The best HIV drug in history approved todayNelson Vergel
Merck Gets FDA Approval
For New HIV Treatment
Wall St Jnl
By JENNIFER CORBETT DOOREN
October 12, 2007 5:50 p.m.
WASHINGTON — A U.S. Food and Drug Administration panel Friday approved a new type of HIV drug from Merck & Co., a company spokeswoman said.
The drug, known by the brand name Isentress, was approved for use in patients who have failed treatment with other HIV drugs.
Isentress was approved as part of the FDA’s accelerated-approval mechanism, which is aimed at getting life-saving treatments to market faster by allowing companies to submit less clinical data than usually required. Companies obtaining accelerated approval must keep studying drugs after they are on the market to gain full approval.
Isentress is designed to target one of three enzymes needed by HIV to reproduce. Current drugs on the market attack the other two enzymes, reverse transcriptase and protease. If approved, Isentress would be the only drug to target the third enzyme, known as integrase. Amy Rose, a Merck spokeswoman, said treatment with Isentress would cost about $9,850 a year.
Patients with HIV typically are treated with a “cocktail” of two or three types of drugs. However, over time, most HIV viruses mutate and stop responding to certain drugs, creating the need for new ones. Isentress is meant to be used in combination with other HIV drugs.
Merck’s Isentress HIV Medicine Approved by U.S. FDA
By Shannon Pettypiece and Rob Waters
Oct. 12 (Bloomberg) — Merck & Co.’s HIV drug Isentress was approved by U.S. regulators, offering a new option for the thousands of AIDS patients whose virus has developed resistance to other medicines.
Adding Isentress to drugs already on the market can slow the advance of HIV, the virus that causes AIDS, the Food and Drug Administration said today in a statement announcing the approval.
Isentress, Merck’s first HIV therapy since 1999, may generate as much as $1 billion in annual sales worldwide, analysts said. About 150,000 Americans taking HIV medicines have a hard-to-treat form of the virus and may benefit from the new drug, said Robert Rode, Merck’s vice president for infectious disease and hospital products.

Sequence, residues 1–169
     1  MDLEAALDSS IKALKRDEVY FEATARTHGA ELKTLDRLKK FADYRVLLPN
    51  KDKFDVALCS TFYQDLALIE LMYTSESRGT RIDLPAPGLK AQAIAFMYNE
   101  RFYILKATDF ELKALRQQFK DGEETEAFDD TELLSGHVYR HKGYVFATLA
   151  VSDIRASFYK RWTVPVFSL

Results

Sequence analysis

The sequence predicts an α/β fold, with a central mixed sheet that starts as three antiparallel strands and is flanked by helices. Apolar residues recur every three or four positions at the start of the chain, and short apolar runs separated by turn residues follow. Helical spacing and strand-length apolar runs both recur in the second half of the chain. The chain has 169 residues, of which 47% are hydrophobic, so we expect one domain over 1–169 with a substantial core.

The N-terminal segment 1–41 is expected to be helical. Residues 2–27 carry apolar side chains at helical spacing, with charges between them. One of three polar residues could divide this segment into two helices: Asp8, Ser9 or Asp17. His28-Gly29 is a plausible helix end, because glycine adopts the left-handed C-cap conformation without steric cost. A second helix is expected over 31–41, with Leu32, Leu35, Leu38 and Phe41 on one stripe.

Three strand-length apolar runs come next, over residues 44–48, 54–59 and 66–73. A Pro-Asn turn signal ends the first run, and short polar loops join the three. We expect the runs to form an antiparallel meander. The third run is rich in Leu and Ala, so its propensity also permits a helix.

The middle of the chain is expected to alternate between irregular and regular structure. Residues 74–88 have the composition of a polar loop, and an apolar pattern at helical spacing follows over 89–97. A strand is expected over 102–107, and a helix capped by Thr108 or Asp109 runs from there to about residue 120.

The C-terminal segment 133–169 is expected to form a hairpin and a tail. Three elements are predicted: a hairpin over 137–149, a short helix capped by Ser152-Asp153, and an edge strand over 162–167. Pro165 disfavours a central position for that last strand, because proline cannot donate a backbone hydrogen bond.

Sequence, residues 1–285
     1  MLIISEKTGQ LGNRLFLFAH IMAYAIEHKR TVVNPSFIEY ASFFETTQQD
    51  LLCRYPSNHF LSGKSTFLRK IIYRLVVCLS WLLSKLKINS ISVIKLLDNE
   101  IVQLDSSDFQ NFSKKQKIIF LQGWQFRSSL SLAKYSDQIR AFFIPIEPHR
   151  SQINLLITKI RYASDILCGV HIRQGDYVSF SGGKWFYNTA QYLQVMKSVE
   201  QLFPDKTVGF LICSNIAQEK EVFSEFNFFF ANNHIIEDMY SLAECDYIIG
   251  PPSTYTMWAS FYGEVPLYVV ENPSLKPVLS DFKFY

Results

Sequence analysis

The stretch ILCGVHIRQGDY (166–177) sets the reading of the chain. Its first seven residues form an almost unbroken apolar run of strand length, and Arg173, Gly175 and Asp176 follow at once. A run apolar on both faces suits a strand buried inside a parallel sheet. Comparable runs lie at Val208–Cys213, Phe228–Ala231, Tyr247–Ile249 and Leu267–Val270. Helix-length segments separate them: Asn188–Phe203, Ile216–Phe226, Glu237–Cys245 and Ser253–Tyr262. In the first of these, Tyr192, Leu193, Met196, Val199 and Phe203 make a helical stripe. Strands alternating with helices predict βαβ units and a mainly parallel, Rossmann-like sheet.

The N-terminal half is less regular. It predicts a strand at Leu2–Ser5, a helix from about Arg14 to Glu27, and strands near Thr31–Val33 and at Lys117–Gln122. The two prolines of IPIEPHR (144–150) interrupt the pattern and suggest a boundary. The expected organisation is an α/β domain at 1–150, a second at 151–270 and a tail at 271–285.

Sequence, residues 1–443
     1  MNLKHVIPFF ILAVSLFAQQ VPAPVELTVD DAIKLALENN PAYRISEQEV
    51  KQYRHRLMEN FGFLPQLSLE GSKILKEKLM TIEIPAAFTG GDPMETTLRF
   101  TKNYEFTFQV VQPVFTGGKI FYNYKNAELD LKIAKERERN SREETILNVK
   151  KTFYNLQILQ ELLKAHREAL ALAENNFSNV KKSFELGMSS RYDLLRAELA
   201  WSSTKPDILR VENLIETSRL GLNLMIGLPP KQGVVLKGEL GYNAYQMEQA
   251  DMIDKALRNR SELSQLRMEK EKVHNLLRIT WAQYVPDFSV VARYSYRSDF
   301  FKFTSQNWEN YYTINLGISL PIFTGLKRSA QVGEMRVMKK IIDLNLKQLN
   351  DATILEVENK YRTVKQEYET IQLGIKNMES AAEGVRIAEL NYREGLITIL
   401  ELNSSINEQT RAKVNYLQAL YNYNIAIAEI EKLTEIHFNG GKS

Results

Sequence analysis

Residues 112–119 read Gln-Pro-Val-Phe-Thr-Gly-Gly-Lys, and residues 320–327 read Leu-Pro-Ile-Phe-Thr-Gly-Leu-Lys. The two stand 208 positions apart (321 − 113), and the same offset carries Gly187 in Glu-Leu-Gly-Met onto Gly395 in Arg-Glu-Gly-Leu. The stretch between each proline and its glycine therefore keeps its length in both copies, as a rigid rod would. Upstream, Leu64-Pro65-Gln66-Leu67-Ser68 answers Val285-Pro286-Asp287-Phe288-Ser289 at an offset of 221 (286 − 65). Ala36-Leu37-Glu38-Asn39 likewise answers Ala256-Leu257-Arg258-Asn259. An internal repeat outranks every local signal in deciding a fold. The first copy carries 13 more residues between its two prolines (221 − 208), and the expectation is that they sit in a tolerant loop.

“This is the first of a class of agents that should show growth for many years,” said Robert Hazlett, an analyst with BMO Capital Markets in New York, in a telephone interview. “We expect this drug to be widely considered in conjunction with other therapies for patients where existing therapies are failing.”
Hazlett said he expects sales of $400 million next year, rising to $950 million in 2010.
Merck rose 47 cents to $53.51 at 4 p.m. in New York Stock Exchange composite trading and have risen 23 percent this year.
Analysts had expected the FDA to approve Isentress after a panel of advisers recommended in August that the agency do so.
$27 a Day
Isentress, taken twice daily, will cost $27 a day, or almost $10,000 a year, similar to AIDS drugs developed in recent years, Merck spokeswoman Amy Rose said in a phone interview.
“We’re pleased that the FDA recognizes the clinical profile of Isentress and the benefits it will bring to patients and physicians who are struggling to keep this disease under control,” Rose said.
The new medicine uses a different method from other AIDS drugs to block the HIV virus from inserting its genetic material into human DNA, allowing replication. Isentress targets an enzyme called integrase that HIV uses to accomplish the task. Studies have shown the medicine helps patients with resistant strains of HIV when used in combination with other drugs.
This is the second new form of HIV medicine to come on the market this year. Pfizer Inc., the world’s biggest drugmaker, won FDA approval in August for Selzentry, the first drug to block a chemical portal the HIV virus uses to enter cells.
Merck’s studies found that Isentress reduced the virus to less than could be detected after four months in 61 to 62 percent of patients who got the medicine in combination with other anti- HIV drugs. That compares with 33 to 36 percent of those who got a placebo along with their most effective therapies.
Side effects included rashes, diarrhea, nausea and headaches. Although more patients taking Isentress developed cancers, the drug didn’t appear to pose an increased risk, according to regulatory advisers.
Thirty AIDS treatments are approved in the U.S., according to the FDA. AIDS patients take so-called cocktails of anti-HIV drugs each day, typically three or more medicines. The drugs can’t cure HIV, and people with the infections still have the virus in their bodies. Eventually, HIV develops resistance to treatment. Once a drug fails, the combination loses effectiveness.
Merck is also studying the drug in children and patients who haven’t been on any other HIV medicines.
All HIV drugs are designed to interfere with a part of the HIV life cycle of infection and replication. HIV attacks and destroys white blood cells, which the immune system uses to fend off invasions from viruses and bacteria.
GlaxoSmithKline Plc’s Lexiva and Pfizer’s Viracept interfere with the action of the protease enzyme, while drugs such as Gilead Sciences Inc.’s Viread inactivate another viral enzyme, reverse transcriptase.
A third class of medications, called entry inhibitors, works by blocking HIV from entering target white cells. These drugs include Roche Holding AG and Trimeris Inc.’s Fuzeon, which reached the market in 2003.
Merck sold the U.S. rights to its previous AIDS drug, Stocrin, to Bristol-Myers Squibb Co., which markets it under the name Sustiva. Merck continues to market Stocrin outside the U.S. and sells another older AIDS drug, Crixivan.